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The first step in any new investigation is to review the workplace harassment policy. As both an investigator and someone who has written workplace harassment policies, I sometimes find myself sighing deeply as I conduct this review, knowing that some parts of the policy are going to make the investigation process harder – not only for me, but for the parties and the employer as well.
The most important part of drafting a harassment policy is obviously ensuring that it meets the requirements of your local legislation (for example, in Ontario, the Occupational Health and Safety Act outlines certain requirements of workplace harassment policies). When drafting or revising the policy, however, there is also an opportunity to ensure that the organization has put in place an investigation process that allows investigations to run smoothly, and helps maintain and restore the relationships between the parties as much as possible. So what should you consider when drafting your harassment policy?
1) Will all witnesses be identified?
Some policies require that the parties be provided with a list of the witnesses interviewed during the investigation. Conversely, other policies require that witness names not be disclosed, and that witnesses be anonymized in the final report. There are concerns associated with both of these approaches.
Automatically keeping the identity of witnesses secret can lead to a sense that the process is unfair and not transparent. It can also result in absurdity as, in some cases, it is obvious from the particular circumstances and the questions put to the parties that the investigator has spoken to a specific individual. Conversely, a policy that requires witness names to be disclosed in every case can have a chilling effect and result in witnesses refusing to participate in investigations.
What to consider instead: A policy that allows for witnesses to be kept anonymous in some cases, at the investigator’s discretion, and provides flexibility for the investigator to make that call – when it is warranted and when withholding the witness’ identity would not result in any procedural unfairness.
2) Will the parties have access to the investigator’s notes?
It might be tempting to craft your policy with a provision that the parties will be provided with a copy of the investigator’s notes, both in the interests of transparency and to allow for the correction of any errors or omissions. Keep in mind, however, that the investigator might want to record in their notes initial thoughts or questions about what they are hearing in the interview. If the investigator knows that they are working under a policy that allows the parties to review their notes, they might be reluctant to do so (nobody wants to write, “The respondent answered the question in a curt and defensive manner,” if the respondent will then have access to the notes.) Furthermore, allowing the parties to “correct” the investigator’s notes can lead to a party taking the opportunity to re-frame their answers in a more flattering (and perhaps less accurate) way.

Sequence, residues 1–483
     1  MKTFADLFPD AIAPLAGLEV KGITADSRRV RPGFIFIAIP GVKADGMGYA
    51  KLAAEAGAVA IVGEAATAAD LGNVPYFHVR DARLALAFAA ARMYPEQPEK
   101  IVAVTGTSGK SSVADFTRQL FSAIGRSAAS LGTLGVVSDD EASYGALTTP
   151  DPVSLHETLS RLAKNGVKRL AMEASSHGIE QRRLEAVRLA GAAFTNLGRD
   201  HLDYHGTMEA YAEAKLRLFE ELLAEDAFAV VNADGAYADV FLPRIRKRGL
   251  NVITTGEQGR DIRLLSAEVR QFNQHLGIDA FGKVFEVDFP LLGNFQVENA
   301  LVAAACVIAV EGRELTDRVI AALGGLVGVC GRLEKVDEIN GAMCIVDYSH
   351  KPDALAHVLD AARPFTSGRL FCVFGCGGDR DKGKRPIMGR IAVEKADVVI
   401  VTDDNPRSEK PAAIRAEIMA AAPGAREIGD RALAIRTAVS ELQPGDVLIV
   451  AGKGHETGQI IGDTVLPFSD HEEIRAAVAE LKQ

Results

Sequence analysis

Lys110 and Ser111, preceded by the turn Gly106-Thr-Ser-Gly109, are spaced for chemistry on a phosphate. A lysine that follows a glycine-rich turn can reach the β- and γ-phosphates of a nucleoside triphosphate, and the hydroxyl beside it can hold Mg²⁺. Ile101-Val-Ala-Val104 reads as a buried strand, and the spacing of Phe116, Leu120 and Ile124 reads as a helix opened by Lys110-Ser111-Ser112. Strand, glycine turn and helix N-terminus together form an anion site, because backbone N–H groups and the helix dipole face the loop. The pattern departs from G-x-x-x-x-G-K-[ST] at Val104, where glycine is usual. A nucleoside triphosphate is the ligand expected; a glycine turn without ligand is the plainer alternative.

What to consider instead: If the goal is to ensure the accuracy of the information gathered by the investigator, this can be accomplished by permitting the audio recording of interviews. Alternatively, a policy can authorize the parties to review a summary of the investigation interview, while allowing the investigator to keep their actual notes confidential.
3) Will the parties be allowed to review a draft report or the entire investigation report?
Some policies allow the parties to review a draft of the report and provide feedback to the investigator before the report is finalized. While this may seem useful to ensure that the parties can correct any errors before the report is finalized, in practice, it often becomes an exercise in arguing with an investigator’s findings. Ideally, the investigator has already heard and considered all the evidence at that stage, and accordingly giving the parties further opportunity to present their case results in nothing but frustration and delay.
Other policies state that the parties will receive full copies of the report once it is complete. While having the parties review the full report is the ultimate in transparency, it can be problematic when you have a final report that contains a great deal of personal information and/or information that could be inflammatory and cause further breakdown of a relationship. Accordingly, including in your policy a provision that the parties will receive the full report can actually do more harm than good.
What to consider instead: You want to ensure that the parties receive sufficient information to let them be satisfied that the matter was fully and fairly investigated, and to allow them to understand the outcome of the investigation. In most cases, this can be done through provision of a summary of the report, rather than by providing the full report itself. This maintains a balance between transparency and protecting private information and inter-personal relationships.
Investigations can be difficult for all involved, but taking a few proactive steps to include a process within your harassment policy that makes sense for your particular workplace can save both time and effort, and prevent a great deal of disruption down the road. Your employees – and your workplace investigators – will thank you for it.
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